June 5, 2019
Due to routine childhood immunization with the MMR vaccine, measles was declared eliminated from the United States in 2000. That disease elimination success story is currently in jeopardy as, according to CDC, from January 1 to May 10, 2019, 839 individual cases of measles have been confirmed in 23 states. This was an increase of 75 cases from the previous week and is the greatest number of cases reported in the U.S. since 1994. Measles has received extensive media attention, in Massachusetts and nationally, during the first few months of 2019.
In Massachusetts there has been one confirmed case to date in 2019, out of 87 cases investigated. Last year, in contrast, 24 suspected measles cases were investigated during the same time period (with zero confirmed cases).
The recent confirmed case in Massachusetts received quite a bit of publicity following an MDPH press release on 4/1/19 describing possible public exposures throughout the state. Individual towns where exposures took place were notified by MDPH epidemiologists. Forty of the 85 suspected cases of measles in MA in 2019 have been reported since 4/1/19. Clearly, healthcare providers are suspecting measles in patients with compatible illness. There were no secondary cases identified.
There have also been measles exposures on airlines involving Massachusetts passengers, a traveler with measles who went through Boston by bus in February, and several rumors about measles in Massachusetts that have turned out to be false.
MDPH issued a Clinical Measles Alert on 4/17/19, urging healthcare providers to do the following:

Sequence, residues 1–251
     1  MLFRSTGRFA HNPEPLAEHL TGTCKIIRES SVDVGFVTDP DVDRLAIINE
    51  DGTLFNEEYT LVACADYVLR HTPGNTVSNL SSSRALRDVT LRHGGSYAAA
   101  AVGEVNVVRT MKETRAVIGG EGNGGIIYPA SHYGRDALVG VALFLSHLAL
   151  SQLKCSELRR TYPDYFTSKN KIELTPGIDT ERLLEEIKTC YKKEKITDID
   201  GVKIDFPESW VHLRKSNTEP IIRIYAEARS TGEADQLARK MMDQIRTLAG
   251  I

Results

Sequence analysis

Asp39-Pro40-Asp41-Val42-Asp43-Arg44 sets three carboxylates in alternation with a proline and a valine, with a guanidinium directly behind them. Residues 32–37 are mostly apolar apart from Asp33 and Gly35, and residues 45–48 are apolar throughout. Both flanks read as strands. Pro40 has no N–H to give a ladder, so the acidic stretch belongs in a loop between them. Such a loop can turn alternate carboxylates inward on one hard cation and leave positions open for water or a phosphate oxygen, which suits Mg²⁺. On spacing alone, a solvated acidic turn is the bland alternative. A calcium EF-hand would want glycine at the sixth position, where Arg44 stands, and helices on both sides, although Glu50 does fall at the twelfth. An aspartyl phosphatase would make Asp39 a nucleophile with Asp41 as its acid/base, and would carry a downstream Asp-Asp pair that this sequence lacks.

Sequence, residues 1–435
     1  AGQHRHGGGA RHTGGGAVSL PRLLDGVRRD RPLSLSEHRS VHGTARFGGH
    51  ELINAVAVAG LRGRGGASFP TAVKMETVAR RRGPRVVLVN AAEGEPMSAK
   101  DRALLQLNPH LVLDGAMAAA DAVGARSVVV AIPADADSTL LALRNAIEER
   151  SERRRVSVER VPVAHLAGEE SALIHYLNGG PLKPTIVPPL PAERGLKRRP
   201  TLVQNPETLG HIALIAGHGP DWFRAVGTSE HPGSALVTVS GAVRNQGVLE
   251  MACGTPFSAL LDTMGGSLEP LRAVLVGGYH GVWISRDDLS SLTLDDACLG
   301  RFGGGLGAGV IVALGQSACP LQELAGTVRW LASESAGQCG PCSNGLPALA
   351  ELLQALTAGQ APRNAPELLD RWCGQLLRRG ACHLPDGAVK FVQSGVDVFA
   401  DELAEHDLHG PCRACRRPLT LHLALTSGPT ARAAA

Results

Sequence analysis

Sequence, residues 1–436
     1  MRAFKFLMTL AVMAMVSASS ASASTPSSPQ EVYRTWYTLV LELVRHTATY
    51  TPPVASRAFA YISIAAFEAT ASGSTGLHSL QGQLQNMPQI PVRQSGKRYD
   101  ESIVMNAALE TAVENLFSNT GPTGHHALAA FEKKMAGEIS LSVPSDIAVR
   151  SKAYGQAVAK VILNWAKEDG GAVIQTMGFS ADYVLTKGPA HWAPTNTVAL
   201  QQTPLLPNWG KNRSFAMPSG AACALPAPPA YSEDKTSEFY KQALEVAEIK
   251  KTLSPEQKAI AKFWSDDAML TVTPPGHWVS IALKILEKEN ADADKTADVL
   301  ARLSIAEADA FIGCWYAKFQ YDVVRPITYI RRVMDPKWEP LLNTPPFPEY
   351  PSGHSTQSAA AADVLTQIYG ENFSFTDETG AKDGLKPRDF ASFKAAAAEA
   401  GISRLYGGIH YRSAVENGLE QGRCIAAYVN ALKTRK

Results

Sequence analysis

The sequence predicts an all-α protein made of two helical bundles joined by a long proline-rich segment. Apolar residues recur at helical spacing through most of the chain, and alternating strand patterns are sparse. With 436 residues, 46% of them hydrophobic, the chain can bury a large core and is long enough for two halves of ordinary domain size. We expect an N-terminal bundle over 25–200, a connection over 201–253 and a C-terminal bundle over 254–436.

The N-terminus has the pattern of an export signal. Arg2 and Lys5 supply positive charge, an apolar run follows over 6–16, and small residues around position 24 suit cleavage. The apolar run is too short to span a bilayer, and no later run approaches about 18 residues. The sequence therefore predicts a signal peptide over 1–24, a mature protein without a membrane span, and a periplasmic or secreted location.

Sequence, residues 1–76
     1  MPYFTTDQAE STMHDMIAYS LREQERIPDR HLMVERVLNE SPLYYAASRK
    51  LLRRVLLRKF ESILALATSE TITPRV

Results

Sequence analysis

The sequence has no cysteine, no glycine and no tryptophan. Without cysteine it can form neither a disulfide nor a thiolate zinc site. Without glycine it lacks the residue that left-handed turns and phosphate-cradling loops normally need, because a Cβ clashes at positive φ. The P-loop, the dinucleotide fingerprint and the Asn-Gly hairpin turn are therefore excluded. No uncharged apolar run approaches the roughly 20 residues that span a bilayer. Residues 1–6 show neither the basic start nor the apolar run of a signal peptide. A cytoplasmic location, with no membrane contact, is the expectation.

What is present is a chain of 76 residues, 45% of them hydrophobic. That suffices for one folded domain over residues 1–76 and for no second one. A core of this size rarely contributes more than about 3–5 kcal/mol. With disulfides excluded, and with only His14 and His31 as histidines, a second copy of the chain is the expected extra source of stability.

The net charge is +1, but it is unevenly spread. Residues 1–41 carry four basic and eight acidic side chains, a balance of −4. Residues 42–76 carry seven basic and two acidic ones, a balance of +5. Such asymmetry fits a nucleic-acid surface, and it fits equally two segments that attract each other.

· Assess staff and patient immunity to measles today, and vaccinate those without evidence of immunity**
· Consider measles in patients who:
· Present with febrile rash illness and clinically compatible measles symptoms (cough, coryza [runny nose] or conjunctivitis)
· Recently traveled internationally or were exposed to someone who recently traveled
· Have not been vaccinated against measles
· If you suspect measles, do the following immediately:
1. Promptly isolate patients to minimize disease transmission.
2. Immediately report a suspect measles case to your local board of health and to the MDPH Divisions of Epidemiology and Immunization at 617-983-6800. Cases diagnosed in Boston should be reported to the Boston Public Health Commission at 617-534-5611.
3. Obtain specimens for testing from patients with suspected measles, including serum and an NP swab or throat swab. Call 617-983-6800 to arrange testing at the MA State Public Health Laboratory.
A press release recommending MMR vaccination entitled “Public Health Officials Urge Massachusetts Residents to Get Vaccinated Against Measles Now” was posted on the MDPH website on 4/30/19.
Is This the End of Measles Elimination in the United States? Read More
MDPH Immunization Updates: Measles is also discussed by MDPH epidemiologists at the regional Immunization Updates taking place this spring. There are still in-person trainings and webinars available.